Catheter-Related Staphylococcus aureus Bacteremia and Septic Thrombosis: The Role of Anticoagulation Therapy and Duration of Intravenous Antibiotic Therapy.
Open Forum Infect Dis. 2018 Oct;5(10):ofy249
Authors: Wilson Dib R, Chaftari AM, Hachem RY, Yuan Y, Dandachi D, Raad II
Background: Catheter-related septic thrombosis is suspected in patients with persistent central line-associated bloodstream infection (CLABSI) after 72 hours of appropriate antimicrobial therapy. The clinical diagnosis and management of this entity can be challenging as limited data are available. We retrospectively studied the clinical characteristics of patients with Staphylococcus aureus catheter-related septic thrombosis and the outcomes related to different management strategies.
Methods: This retrospective study included patients with CLABSI due to S. aureus who had concomitant radiographic evidence of catheter site thrombosis treated at our institution between the years 2005 and 2016. We collected data pertaining to patients' medical history, clinical presentation, management, and outcome within 3 months of bacteremia onset.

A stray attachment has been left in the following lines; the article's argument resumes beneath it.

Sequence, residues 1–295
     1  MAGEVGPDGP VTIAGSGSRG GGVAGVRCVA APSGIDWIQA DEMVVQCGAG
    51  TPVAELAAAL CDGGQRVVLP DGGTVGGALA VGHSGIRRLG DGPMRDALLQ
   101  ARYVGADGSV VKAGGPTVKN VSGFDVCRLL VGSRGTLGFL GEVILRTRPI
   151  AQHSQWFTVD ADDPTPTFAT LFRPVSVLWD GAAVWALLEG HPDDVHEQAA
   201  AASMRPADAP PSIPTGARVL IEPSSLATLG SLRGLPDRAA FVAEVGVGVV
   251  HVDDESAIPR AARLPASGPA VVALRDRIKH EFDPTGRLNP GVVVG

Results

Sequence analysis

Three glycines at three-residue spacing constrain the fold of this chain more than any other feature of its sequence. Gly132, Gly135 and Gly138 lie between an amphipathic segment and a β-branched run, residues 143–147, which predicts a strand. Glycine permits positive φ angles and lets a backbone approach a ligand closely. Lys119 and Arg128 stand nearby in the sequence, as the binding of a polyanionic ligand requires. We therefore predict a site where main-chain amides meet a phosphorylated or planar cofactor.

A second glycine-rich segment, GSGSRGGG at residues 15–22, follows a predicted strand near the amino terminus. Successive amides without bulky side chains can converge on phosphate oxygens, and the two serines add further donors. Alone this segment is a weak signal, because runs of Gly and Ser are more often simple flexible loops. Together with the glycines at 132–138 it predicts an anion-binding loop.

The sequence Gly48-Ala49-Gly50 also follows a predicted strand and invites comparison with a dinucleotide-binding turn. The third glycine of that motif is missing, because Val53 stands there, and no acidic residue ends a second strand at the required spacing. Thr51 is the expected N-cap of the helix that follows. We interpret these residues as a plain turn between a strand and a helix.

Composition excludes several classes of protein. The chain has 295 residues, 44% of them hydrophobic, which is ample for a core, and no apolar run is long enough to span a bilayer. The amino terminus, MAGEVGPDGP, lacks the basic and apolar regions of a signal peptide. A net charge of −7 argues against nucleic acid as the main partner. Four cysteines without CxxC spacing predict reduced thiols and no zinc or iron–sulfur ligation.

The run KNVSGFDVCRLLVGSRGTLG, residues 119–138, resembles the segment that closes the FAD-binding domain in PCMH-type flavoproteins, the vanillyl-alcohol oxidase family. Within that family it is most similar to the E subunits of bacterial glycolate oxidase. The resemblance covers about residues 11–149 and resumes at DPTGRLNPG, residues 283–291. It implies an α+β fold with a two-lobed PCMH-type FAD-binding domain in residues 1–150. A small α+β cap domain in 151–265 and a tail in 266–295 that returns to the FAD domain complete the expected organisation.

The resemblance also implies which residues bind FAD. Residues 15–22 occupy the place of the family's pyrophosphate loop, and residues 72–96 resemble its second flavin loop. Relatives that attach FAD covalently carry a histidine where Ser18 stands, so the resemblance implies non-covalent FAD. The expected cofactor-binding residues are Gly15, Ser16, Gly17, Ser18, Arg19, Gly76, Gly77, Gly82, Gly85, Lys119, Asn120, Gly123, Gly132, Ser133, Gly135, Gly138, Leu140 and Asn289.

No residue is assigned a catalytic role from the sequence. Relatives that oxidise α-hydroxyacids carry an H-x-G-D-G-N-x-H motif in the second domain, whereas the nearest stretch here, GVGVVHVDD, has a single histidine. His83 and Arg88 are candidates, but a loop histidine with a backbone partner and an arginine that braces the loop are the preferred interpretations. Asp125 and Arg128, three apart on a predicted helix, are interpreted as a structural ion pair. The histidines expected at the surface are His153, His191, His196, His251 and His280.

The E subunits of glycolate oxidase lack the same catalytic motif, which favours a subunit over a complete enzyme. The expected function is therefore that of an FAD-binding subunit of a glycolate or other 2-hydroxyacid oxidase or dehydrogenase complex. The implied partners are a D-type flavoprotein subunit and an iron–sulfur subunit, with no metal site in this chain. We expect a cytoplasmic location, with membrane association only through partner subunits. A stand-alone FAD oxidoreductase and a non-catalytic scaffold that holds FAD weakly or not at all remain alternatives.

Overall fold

Results: A total of 128 patients were included. We found no significant difference in overall outcome between patients who had deep vs superficial thrombosis. Patients with superficial thrombosis were found to have a higher rate of pulmonary complications (25% vs 6%; P = .01) compared with those with deep thrombosis. Patients who received less than 28 days of intravascular antibiotic therapy had higher all-cause mortality (31 vs 5%; P = .001). A multivariate logistic regression analysis identified 2 predictors of treatment failure: ICU admission during their illness (odds ratio [OR], 2.74; 95% confidence interval [CI], 1.08-6.99; P = .034) and not receiving anticoagulation therapy (OR, 0.24; 95% CI, 0.11-0.54; P < .001).
Conclusions: Our findings suggest that the presence of S. aureus CLABSI in the setting of catheter-related thrombosis may warrant prolonged intravascular antimicrobial therapy and administration of anticoagulation therapy in critically ill cancer patients.
PMID: 30377625 [PubMed]